Roasted Corn Chowder

If there is one thing I am known for among my friends and family, it’s that I get cold very easily. I am almost always cold. Unless I am actually standing in 100 degree weather and there is no wind, I am cold.

But add in a little breeze? I’m cold.

I could be sweating hot then go inside to an air conditioned building that’s, let’s say, 75 degrees, and I get cold. I don’t know what’s wrong with me.


 Which is why for Christmas and my birthday I am almost always overloaded with gifts of sweaters and electric blankets. It’s pretty awesome.

I’m pretty used to being cold, but sometimes I get that really chilled to the bone cold and I start craving hot comfort food like no one’s business.

That’s what happened with this soup. It was a 100 degree day outside, but in my psychology class I was absolutely freezing. I really couldn’t concentrate. All I could think about was a giant bowl of hot corn chowder. Is that weird?

My dreams finally came true though. It was delicious.

And of course for a fun fact. What’s the differende between soup and chowder?

Chowder is usually a creamier base and thicker, whereas soup is usually more of a broth base and lighter.


Roasted Corn and Gruyere Chowder

(Recipe adapted from The View From the Great Island)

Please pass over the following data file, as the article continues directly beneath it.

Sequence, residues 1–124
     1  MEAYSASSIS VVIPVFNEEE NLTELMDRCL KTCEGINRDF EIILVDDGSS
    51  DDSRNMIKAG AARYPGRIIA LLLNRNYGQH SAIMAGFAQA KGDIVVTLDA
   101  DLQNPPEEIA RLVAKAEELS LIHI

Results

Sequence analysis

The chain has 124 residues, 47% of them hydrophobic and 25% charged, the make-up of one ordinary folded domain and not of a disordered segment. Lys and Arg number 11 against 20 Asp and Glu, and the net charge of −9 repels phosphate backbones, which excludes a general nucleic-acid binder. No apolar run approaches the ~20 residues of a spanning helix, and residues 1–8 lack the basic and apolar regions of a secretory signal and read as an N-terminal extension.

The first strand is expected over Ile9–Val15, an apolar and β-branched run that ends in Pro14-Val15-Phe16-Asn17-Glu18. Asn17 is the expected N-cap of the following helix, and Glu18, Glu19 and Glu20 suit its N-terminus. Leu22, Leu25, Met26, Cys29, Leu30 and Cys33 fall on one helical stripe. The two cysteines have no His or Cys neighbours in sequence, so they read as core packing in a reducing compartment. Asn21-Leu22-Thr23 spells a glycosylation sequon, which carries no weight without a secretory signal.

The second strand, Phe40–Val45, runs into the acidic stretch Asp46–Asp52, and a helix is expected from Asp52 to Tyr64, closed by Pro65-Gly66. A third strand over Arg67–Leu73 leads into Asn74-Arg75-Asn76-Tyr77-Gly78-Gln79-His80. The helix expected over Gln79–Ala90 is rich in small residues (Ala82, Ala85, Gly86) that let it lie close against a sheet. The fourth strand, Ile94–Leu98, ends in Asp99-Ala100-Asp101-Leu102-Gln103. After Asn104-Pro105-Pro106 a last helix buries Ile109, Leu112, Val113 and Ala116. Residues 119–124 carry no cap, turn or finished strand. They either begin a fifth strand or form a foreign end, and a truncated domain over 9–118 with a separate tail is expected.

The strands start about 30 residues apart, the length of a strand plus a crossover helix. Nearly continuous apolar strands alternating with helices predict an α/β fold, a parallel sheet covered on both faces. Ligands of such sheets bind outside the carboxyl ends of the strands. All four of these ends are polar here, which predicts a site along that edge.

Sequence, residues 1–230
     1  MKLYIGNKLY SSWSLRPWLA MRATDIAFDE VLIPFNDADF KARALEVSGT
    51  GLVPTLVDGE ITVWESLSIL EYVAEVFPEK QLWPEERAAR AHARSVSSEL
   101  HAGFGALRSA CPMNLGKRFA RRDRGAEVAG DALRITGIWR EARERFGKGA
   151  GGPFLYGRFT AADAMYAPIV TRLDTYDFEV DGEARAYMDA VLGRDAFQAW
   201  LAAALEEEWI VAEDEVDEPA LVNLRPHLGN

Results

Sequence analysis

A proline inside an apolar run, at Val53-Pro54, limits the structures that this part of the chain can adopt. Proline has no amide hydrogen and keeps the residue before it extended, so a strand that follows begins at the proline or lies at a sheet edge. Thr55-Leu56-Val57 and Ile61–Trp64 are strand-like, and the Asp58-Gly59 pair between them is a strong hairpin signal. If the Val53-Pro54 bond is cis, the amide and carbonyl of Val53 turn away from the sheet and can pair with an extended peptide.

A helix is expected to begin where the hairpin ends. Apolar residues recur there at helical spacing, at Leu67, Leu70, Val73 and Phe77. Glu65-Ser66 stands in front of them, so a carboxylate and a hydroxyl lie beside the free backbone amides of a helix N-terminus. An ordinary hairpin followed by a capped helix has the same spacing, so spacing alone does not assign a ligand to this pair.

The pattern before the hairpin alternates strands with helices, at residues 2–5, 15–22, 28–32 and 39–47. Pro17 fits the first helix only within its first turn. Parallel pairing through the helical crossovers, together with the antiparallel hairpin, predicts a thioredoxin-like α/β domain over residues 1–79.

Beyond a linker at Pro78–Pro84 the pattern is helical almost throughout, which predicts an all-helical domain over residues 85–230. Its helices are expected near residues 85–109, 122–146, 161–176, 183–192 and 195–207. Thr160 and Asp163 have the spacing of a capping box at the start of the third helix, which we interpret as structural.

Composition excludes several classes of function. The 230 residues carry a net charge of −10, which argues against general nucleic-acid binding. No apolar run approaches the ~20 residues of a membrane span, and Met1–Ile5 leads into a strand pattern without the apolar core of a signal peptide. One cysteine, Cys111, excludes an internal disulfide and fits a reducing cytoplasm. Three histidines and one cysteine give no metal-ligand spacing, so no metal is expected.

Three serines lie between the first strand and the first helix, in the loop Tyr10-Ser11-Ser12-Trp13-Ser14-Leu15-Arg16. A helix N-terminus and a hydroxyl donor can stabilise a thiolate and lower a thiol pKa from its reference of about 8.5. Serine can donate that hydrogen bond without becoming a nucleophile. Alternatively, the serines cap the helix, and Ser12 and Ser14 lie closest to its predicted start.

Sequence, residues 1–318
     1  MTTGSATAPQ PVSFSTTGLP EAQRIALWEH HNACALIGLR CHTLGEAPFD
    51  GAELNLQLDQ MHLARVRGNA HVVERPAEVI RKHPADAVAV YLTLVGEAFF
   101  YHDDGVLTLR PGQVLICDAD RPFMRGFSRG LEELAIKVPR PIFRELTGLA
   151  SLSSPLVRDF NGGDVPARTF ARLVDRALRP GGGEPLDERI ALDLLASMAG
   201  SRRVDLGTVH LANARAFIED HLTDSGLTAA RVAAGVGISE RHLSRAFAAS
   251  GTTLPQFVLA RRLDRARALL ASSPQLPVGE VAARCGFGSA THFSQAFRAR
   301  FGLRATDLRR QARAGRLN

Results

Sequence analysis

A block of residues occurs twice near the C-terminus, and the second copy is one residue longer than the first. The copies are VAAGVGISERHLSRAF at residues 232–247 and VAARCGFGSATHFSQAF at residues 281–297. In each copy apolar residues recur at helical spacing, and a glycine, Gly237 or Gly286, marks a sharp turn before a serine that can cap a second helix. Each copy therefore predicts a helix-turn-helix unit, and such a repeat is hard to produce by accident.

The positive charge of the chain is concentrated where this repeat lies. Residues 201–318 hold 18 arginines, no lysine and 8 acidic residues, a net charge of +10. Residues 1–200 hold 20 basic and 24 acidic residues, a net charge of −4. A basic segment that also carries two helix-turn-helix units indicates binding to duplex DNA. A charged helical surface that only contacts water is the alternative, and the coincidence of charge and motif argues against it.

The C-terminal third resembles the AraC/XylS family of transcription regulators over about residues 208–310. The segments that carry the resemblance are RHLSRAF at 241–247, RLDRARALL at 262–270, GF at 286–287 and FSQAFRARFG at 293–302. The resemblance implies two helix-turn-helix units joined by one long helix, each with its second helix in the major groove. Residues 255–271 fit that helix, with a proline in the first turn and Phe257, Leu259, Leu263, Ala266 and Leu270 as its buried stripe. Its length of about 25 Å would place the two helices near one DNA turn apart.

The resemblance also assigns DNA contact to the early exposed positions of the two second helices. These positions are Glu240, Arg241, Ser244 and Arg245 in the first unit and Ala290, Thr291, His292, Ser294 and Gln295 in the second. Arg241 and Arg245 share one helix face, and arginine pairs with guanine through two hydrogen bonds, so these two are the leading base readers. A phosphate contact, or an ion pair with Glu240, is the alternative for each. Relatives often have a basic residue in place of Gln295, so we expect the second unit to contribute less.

3 medium white potatoes, cubed

1 bay leave

1/2 tsp rosemary

1/2 tsp thyme

1 tsp salt

1 tbls olive oil

1 medium yellow onion, chopped

1 clove garlic, minced

1 tbls butter

2 tbls flour

1 1/4 cups milk**

4 large cobs of corn

1 tsp paprika

1 1/2 cups shredded gruyere

salt and pepper to taste



Preheat oven to 450F.

Cut the corn kernels from the cob.

Place corn kernels on a foil lined baking sheet and roast for about 15-18 minutes, stirring occasionally, long enough to char on the outside. Set aside.

Heat the olive oil in a large soup pot over medium high heat. Add in the onion and cook until translucent, about 8-10 minutes. Add in the garlic and cook until fragrant, about 1 minute.

Add in the butter and flour and cook for about 2 minutes until the butter is completely melted and the flour has time to cook some. Stir in the milk and add the potatoes, bay leaf, rosemary, thyme and salt. Cook until the potatoes are tender then add in the corn and paprika.

Add in more milk if it’s too thick.

Add in gruyere a little bit at a time until melted and thoroughly mixed in.

Finally add in the corn kernels and cook until the corn is warm.

Smash with a potato smasher until the potatoes are mostly mashed, or until desired consistency.

Taste and season with salt and pepper to taste.

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